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R. D. Sherrin

R. D. Sherrin

Among the great and the good in the world of Dartmoor artists one would be remiss not to mention R. D. Sherrin alongside such men as F. J. Widgery, C. E. Brittan and T. Rowden. Not a lot is known about this artist although he was a prolific painter of Dartmoor scenes and coastal landscapes. Today his work regularly fetches auction prices that are into the high hundreds with the occasional one creeping in the thousand pound price bracket.

Like many of the noted Dartmoor artists Reginald Daniel Sherrin was born into a family of painters as both his grandfather, John and his father, Daniel were noted artists. Daniel studied under the watchful eye of B. W. Leader and produced numerous works of art inspired by the marinescapes of Kent, Suffolk and Norfolk. Later he turned his hand to landscapes and found fame, culminating in a commission from Kind George V to paint Sandringham. During the First World war Daniel Sherrin turned his hand to poster designs that were intended to inspire men to join Kitchener’s army.

Reginald was born on the 5th of April 1891 at Seasalter which is near Whitstable in Kent. It’s known that he served his country in the First World War and that during the Second World War he again did his bit by working in a munitions factory in Rochester. In 1953 he left Kent and moved down to Starcross in Devon where he began painting the moorland landscapes which in the main appear to be on the Northern Moor. He produced some fine studies of such places as Cosdon, Tavy Cleave, Belstone Moor, Great Houndtor and Yes Tor to name but a few. During this time he met Fredrick Widgery and often accompanied him on his Dartmoor excursions. It is generally considered that Sherrin became heavily influenced by Widgery in both style and medium, this being gauche and watercolour. It appears he never lost his love for the coast as along with his moorland paintings he produced many marine landscapes, especially on and around the Cornish Coasts. Not only did he produce works under his own name but Sherrin also signed some of his paintings under two pseudonyms. These being: J. Whitely and D. A. Neil (which is an anagram of his second name Daniel0. Reginald Sherrin died in 1971 at the grand old age of 80, leaving a fine legacy of Dartmoor paintings, some of which can be seen by clicking on the thumbnails opposite. When comparing these works with some of Widgery’s it is easy to see where Sherrin has been greatly influenced by the former artist, especially in the skies and horizons. Both artists use a water source of some kind in the foreground of many of their paintings, if its not a pool, stream or river then a trackway of some kind is depicted. Clearly this is one of the basic techniques of landscape portrayal insomuch as it draws the eye into the picture but even so both men have clearly master this art to dramatic effect.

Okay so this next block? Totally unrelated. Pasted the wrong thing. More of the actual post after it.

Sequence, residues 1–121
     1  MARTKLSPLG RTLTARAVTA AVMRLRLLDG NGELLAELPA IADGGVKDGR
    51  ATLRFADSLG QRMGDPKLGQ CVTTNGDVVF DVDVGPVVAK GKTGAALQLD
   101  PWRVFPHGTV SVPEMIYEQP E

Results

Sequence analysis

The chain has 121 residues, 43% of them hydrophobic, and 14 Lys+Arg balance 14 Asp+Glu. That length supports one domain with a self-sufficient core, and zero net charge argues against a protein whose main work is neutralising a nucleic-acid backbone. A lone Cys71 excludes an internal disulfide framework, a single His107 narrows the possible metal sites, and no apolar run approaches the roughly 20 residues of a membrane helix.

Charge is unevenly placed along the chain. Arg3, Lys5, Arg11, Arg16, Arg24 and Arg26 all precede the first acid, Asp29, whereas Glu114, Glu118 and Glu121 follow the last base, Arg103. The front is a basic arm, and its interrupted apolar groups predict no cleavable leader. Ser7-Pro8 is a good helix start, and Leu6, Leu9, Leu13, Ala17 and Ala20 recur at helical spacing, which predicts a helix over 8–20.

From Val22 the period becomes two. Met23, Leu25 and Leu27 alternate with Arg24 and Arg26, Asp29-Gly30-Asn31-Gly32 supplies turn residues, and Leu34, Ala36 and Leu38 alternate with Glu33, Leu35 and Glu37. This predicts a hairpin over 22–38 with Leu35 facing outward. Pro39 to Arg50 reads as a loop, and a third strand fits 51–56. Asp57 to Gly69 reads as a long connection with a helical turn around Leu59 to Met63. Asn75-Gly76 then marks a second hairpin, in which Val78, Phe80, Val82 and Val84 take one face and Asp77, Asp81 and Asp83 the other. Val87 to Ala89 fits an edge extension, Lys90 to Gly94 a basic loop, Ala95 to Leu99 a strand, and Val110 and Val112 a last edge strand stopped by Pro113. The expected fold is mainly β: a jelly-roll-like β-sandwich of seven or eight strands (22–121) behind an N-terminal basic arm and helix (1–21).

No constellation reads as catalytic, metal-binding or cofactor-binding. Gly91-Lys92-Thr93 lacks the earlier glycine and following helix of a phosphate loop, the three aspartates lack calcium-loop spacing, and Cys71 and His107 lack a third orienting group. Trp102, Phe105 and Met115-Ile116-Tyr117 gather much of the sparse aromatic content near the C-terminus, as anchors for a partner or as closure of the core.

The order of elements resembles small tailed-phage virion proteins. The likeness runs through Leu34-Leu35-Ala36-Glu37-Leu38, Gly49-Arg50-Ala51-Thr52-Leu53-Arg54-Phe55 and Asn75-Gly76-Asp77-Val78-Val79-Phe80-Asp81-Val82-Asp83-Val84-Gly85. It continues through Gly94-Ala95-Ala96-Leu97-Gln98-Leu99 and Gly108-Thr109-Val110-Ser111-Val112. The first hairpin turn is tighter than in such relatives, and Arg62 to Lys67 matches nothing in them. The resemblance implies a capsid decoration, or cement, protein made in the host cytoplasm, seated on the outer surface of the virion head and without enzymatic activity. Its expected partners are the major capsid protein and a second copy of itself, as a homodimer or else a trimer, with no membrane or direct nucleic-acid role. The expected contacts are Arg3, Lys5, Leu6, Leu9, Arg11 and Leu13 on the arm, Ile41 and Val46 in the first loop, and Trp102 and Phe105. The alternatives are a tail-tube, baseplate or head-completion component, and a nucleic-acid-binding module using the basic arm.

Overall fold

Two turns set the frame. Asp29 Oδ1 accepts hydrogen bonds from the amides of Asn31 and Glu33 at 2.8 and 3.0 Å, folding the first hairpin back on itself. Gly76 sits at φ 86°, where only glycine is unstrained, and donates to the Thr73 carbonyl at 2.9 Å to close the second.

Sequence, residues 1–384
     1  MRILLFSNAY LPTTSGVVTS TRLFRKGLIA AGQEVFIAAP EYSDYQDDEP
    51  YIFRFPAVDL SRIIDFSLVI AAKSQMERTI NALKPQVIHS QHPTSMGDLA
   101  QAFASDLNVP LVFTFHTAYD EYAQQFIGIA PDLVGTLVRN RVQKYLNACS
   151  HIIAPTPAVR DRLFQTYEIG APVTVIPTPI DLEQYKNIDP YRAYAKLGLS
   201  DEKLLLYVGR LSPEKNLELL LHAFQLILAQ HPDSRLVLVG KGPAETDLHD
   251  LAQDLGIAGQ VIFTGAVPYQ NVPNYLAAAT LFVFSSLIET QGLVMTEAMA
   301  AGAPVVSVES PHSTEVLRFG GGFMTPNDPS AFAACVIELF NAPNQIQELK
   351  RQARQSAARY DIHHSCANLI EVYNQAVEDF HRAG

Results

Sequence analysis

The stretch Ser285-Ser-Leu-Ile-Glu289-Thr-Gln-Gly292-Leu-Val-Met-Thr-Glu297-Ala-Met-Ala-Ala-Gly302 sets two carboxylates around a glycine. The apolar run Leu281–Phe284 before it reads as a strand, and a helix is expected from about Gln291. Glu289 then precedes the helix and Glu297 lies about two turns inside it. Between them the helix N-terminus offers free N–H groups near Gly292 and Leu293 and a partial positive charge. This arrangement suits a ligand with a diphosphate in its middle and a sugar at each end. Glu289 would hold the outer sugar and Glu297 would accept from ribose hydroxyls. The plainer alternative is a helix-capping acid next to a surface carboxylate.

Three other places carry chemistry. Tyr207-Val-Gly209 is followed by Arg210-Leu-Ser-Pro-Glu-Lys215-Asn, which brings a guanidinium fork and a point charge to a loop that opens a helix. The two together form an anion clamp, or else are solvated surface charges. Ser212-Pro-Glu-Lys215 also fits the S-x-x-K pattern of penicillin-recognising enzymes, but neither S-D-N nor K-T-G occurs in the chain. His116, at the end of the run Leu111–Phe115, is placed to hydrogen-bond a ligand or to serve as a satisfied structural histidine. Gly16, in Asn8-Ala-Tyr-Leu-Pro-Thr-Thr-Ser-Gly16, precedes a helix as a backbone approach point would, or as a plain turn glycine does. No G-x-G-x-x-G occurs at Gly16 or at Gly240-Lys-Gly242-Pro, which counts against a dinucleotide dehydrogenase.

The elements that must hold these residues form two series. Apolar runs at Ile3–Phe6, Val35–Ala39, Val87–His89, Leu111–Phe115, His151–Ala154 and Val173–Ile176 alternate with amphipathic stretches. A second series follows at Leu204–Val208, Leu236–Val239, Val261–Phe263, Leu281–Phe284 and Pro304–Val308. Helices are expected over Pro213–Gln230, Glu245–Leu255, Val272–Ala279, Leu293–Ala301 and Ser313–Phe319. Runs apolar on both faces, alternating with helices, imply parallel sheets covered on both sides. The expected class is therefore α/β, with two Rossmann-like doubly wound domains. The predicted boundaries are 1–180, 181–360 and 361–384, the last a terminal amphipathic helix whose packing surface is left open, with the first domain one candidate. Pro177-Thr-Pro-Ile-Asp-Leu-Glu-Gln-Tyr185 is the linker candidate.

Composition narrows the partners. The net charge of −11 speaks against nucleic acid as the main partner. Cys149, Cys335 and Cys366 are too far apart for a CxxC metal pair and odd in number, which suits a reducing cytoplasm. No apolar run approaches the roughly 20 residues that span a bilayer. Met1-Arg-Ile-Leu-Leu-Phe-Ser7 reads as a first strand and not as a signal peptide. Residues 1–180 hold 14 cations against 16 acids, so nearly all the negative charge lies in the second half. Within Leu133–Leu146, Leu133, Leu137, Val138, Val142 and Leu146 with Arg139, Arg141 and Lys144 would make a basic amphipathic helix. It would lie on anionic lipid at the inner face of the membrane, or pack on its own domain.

Now there is no way I would even attempt to say that I know anything about the technicalities of the art world, I just know what I like and as far as Dartmoor goes which works capture its spirit. All of the opposite examples of Sherrin’s work portray the various moods and lights of the moors whilst at the same time are full of atmosphere. Most of Sherrin’s paintings that I have seen all faithfully produce the ever changing moorland landscape but there are a couple of gauche works that verge on gaudiness. They seems to be very much like those ghastly paintings that were popular in the 1970s where the colours appeared too over-emphasized. Below are two of his works, one displays Sherrin’s brilliance and the other is an example of his gaudiness, maybe he was having a bad day?

R. D. Sherrin

If you look at the above, left hand painting the colours seem to be over-emphasised, especially with the heathers and the sky whereas the other picture the hues are much subtler and true to life.

 

About Tim Sandles

Tim Sandles is the founder of Legendary Dartmoor

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